By: Lindsay Winkley
Does a new state law that aims to better detect, document and respond to strangulation cases — one of the deadliest forms of domestic violence — look familiar?
It should, since San Diego County implemented a very similar protocol months earlier.
The bill, which goes into effect in January 2018, directs all California law enforcement agencies to ask domestic violence victims if they were strangled and to document any evidence of it. Officers and deputies also have to inform victims that strangulation may cause internal injuries and advise them to seek medical attention.
Basically, it requires the same things San Diego County’s own strangulation protocol started requiring of its law enforcement agencies when it was unveiled in February. While local law enforcement agencies will need to be a bit more specific when talking to victims about the dangers of strangulation, they won’t need to change much else to adhere to the new state law.
“We are so proud to have been on the cutting edge of domestic violence solutions in San Diego County,” District Attorney Summer Stephan said in a statement. “Now that the entire state will be required to complete the same steps, we are sending an even stronger message to domestic violence victims that we see their pain and suffering and will fight to protect them from the high risks associated with strangulation.”
Experts say strangulation is a particularly dangerous form of domestic violence. Victims can fall unconscious in seconds and be dead in minutes. In San Diego County, 15 percent of domestic violence-related homicides between 2008 and 2016 were strangulation cases.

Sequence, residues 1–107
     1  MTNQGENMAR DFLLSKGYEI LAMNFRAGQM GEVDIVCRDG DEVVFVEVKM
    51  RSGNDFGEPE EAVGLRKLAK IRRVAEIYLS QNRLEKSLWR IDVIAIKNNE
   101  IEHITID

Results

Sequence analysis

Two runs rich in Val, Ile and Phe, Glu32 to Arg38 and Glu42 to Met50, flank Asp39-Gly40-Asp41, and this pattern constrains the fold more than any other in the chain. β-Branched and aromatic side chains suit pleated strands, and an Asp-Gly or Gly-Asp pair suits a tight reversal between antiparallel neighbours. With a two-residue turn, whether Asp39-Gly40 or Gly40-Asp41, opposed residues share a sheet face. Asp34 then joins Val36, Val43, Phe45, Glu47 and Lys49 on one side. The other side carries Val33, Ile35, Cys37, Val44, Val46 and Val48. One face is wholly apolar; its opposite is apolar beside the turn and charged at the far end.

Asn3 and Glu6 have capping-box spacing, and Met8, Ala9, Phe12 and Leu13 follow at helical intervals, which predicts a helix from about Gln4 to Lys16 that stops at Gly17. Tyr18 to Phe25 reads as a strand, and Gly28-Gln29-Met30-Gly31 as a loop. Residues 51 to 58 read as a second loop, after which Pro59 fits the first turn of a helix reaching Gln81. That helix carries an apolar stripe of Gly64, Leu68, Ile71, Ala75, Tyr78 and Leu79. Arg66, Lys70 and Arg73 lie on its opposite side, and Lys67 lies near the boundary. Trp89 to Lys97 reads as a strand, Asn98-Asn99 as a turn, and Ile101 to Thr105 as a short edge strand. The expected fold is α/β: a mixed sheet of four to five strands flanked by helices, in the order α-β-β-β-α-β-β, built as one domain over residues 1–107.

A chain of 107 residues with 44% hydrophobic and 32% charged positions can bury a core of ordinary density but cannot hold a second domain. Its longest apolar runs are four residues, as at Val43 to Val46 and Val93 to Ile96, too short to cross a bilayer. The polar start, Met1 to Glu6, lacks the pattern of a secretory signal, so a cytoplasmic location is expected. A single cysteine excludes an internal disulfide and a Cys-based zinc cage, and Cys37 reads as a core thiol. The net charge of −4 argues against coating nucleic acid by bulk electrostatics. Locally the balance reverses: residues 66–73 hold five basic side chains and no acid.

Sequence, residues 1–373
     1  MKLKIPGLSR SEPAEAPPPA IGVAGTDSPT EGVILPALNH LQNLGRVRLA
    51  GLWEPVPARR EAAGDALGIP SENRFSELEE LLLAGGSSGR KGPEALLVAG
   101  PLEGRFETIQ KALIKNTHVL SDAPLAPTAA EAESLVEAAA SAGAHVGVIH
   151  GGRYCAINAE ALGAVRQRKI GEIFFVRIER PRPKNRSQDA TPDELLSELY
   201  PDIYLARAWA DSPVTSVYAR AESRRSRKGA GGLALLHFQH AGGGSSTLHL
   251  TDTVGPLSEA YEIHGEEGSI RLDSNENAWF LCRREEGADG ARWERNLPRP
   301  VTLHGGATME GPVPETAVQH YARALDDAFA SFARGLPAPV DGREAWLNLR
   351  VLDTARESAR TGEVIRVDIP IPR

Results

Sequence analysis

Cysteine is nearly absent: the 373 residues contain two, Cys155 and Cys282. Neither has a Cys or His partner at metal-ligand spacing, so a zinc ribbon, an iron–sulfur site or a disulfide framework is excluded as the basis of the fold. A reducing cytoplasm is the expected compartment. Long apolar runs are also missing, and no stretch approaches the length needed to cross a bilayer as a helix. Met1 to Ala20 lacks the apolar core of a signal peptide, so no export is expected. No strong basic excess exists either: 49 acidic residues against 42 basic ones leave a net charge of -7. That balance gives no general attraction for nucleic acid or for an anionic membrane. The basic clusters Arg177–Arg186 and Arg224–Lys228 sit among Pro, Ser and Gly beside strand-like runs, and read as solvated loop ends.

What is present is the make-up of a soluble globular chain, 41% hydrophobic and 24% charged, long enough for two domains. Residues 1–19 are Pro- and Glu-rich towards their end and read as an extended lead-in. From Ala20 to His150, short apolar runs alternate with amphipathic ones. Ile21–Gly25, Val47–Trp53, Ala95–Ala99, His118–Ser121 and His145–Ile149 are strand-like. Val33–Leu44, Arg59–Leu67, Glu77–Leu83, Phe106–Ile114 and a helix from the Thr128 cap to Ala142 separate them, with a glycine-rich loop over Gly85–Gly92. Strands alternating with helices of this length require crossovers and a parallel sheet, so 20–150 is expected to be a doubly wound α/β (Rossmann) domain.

Victims who survive can be left with serious, long-term injuries like memory loss, traumatic brain injury and stroke. They’re also more likely to become victims of homicide later — eight times more likely than those who suffer other forms of domestic violence — according to a study done by the San Diego City Attorney’s Office in the 1990s.
Even so, evidence of strangulation can be hard to detect. Victims may not realize the severity of their own injuries. Both the new state law and the county protocol aim to address the problem by requiring investigators to ask specific questions that will help them document evidence of the injury.
A recent grant from the Office of Emergency Services has helped local agencies in this endeavor by funding 130 domestic assault forensic examinations. The exams are conducted by specially trained forensic nurses who record information about injuries — including strangulation — to aid in prosecution. Since February, 73 of those exams have been performed.
A number of law enforcement leaders applauded the new law, saying they hoped it would help bring further attention to strangulation cases.
“By talking about the deadly consequences of strangulation we shine the light on this dangerous crime and keep it out of the shadows,” San Diego Police Chief Shelley Zimmerman said in a statement.
Article Source: A new state law addressing strangulation looks very familiar
By: Lindsay Winkley